In this Feb. 25, 2015, photo, Fort Recovery High School senior Tori Lennartz shoots against the Perry Commodores in the Division IV sectional semifinal at Coldwater. Lennartz, now a senior at University of Northwestern Ohio, was named NAIA Division II Women’s Basketball Honorable Mention All-American on Thursday. (The Commercial Review/Chris Schanz)
In this Feb. 25, 2015, photo, Fort Recovery High School senior Tori Lennartz shoots against the Perry Commodores in the Division IV sectional semifinal at Coldwater. Lennartz, now a senior at University of Northwestern Ohio, was named NAIA Division II Women’s Basketball Honorable Mention All-American on Thursday. (The Commercial Review/Chris Schanz)
A pair of concussions halted her first year in college.

Homesickness brought her closer to family, but another injury kept her away from the court for a couple seasons.

A chance encounter got her back in the game, and she capped it all by making school history.

Tori Lennartz, a 2015 Fort Recovery High School graduate and University of Northwestern Ohio senior was named NAIA Division II Women’s Basketball Honorable Mention All-American on Thursday.

“It’s huge, I guess,” said the 23-year-old Lima resident, who is just the third Racer to earn the honor. “I didn’t even know it was a thing until my coach (John McGinty) texted me yesterday.

“I guess it’s a bigger deal than I thought it was.”

The 5-foot, 11-inch senior was third in the Wolverine-Hoosier Athletic Conference in scoring with 16.6 points per game, including eclipsing 20 or more points in a game nine times. She scored a career high 30 points Jan. 11 against University of Michigan-Dearborn.

Lennartz totaled 71 makes from behind the 3-point line, which was fifth in the conference, as well as finished eighth in field goal percentage (37.5 percent), 11th in 3-point percentage (32.1) and 11th in assists per game (2.7).

Additionally, Lennartz — a graduate student by academic standards but a senior in terms of athletic eligibility — was named first team all-WHAC, becoming the first Racer to do so since 2015.

“It is pretty cool to come back and get that my last year,” she said.

Lennartz joins Madison Coldren (2015) and Amanda Francis (2012) as the only UNOH women to be named honorable mention All-American.

Upon graduating from Fort Recovery in 2015 — she was named first team all-Midwest Athletic Conference three straight years to close her prep career — Lennartz attended Saginaw Valley State University in Saginaw, Michigan, to play basketball.

After suffering two concussions at SVSU, her career was in limbo. She played just two games for the Cardinals, and the uncertainty of knowing if she’d be cleared to play or not was weighing on her.

Plus, being so far from home — SVSU is 275 miles away from Fort Recovery High School — was taking its toll.

“I was extremely homesick,” she said. “Couldn’t bear being away from my parents.”

So Lennartz transferred to UNOH for her sophomore season. She played in five games for the Racers, averaging nearly 20 minutes per game while averaging five points.

But during practice she fell backward on her head, and another concussion cut her season short.

The setback, coupled with what she called a bad fit with the program and coaching staff, led Lennartz to step away from the game she had played for so many years.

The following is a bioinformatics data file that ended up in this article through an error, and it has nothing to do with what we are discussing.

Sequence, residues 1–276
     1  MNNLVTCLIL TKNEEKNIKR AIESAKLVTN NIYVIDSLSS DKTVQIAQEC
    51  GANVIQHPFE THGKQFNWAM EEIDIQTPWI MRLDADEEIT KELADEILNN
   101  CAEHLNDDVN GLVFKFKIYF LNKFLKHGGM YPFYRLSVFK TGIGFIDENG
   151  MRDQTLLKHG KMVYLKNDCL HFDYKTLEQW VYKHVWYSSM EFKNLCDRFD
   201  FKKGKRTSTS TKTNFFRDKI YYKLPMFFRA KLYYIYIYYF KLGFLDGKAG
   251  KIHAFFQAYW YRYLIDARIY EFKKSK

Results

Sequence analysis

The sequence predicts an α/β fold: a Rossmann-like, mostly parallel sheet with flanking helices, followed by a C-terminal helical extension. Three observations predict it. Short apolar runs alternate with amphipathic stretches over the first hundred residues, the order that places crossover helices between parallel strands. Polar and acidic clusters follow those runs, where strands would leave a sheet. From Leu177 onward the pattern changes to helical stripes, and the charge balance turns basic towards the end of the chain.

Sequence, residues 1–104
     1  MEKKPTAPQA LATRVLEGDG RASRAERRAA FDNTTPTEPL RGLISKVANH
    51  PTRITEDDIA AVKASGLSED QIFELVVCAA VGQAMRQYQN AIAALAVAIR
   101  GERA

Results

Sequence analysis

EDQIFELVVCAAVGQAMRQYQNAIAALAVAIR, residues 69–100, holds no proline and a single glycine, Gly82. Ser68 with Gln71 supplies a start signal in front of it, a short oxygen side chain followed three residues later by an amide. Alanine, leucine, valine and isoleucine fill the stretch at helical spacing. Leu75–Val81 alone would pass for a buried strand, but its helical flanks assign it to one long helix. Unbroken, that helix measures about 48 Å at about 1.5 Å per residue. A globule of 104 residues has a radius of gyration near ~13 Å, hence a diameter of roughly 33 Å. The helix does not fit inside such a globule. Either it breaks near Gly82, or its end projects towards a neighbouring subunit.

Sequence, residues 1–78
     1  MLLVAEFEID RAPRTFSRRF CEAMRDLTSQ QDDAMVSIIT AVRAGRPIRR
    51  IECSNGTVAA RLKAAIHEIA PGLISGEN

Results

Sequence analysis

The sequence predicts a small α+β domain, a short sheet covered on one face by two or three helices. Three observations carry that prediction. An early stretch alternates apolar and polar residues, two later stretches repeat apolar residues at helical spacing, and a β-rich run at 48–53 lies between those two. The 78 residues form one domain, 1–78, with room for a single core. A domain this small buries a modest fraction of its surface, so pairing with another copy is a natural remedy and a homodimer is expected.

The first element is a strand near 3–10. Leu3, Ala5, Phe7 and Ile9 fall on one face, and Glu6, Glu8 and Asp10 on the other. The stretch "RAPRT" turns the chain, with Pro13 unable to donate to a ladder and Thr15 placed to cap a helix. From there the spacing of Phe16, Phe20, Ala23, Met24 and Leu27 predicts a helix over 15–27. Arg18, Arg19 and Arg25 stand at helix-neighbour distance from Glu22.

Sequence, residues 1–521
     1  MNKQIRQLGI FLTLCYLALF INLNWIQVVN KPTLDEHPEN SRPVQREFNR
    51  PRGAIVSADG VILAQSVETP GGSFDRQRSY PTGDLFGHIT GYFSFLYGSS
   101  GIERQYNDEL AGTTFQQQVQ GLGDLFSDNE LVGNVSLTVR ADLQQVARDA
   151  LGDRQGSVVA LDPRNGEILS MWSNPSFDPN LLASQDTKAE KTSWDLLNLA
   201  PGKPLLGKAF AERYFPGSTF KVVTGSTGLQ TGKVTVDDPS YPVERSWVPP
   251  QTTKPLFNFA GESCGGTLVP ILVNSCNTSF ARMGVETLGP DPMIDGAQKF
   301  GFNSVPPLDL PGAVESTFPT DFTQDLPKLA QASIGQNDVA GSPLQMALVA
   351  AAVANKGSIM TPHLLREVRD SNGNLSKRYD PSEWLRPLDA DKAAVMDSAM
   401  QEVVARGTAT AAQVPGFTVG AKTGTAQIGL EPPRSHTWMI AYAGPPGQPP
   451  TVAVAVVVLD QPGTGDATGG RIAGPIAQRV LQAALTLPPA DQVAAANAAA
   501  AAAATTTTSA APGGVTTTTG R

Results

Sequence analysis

“I’m going to be done,” she said, “go to school (and) be a normal person).

Her junior year and senior years went by, and although she didn’t play basketball competitively she still spent time on the court.

She graduated with a bachelor’s degree in sport management and marketing, then decided to stay at UNOH to pursue her MBA.

Because she considers UNOH a small enough campus to where she knows most of the people with whom she walks the halls, Lennartz had a chance encounter with first-year coach McGinty.

She asked him if he had any openings for graduate assistants.

Instead, he asked her if she wanted to play.

But first she had to be cleared from her third concussion. There were no issues.

She credited her staying relatively close to the game while also participating in CrossFit for what happened next.

“He watched me do one workout and said, ‘I’ll give you as much money as I possibly can,’” Lennartz recalled. “It was really good the way everything happened. It was all natural. John McGinty is a great coach.”

She said the hardest part about getting back in the groove of playing was her ball-handling skills took a step back. But she said she caught up rather quickly.

“Other than that I was pretty good where I was at in the program.”

Lennartz played in all but one of the Racers’ 30 games, including 26 starts, as UNOH was 10-20 and 6-14 in WHAC play. She averaged more than 30 minutes per game, which was second on the team. She was also second by going 73.6 percent from the free-throw line.

Looking on the journey she’s taken from heading north, returning closer to home and taking a bit of a hiatus, Lennartz said she has one regret as to how it all finished.

“If I could have went back I would have stuck out one more year at Saginaw to see if I could have made the transition of getting over being homesick and seeing where basketball would have taken me,” she said, noting she loved the campus, which is just off I-75, the coaching staff and the facilities. “I think I am very happy with how everything played out.

“Transferred to UNOH, took a few years off. I wasn’t happy playing basketball at that moment. Took a few years off and had a great year this year. I think it played out as well as it could have.”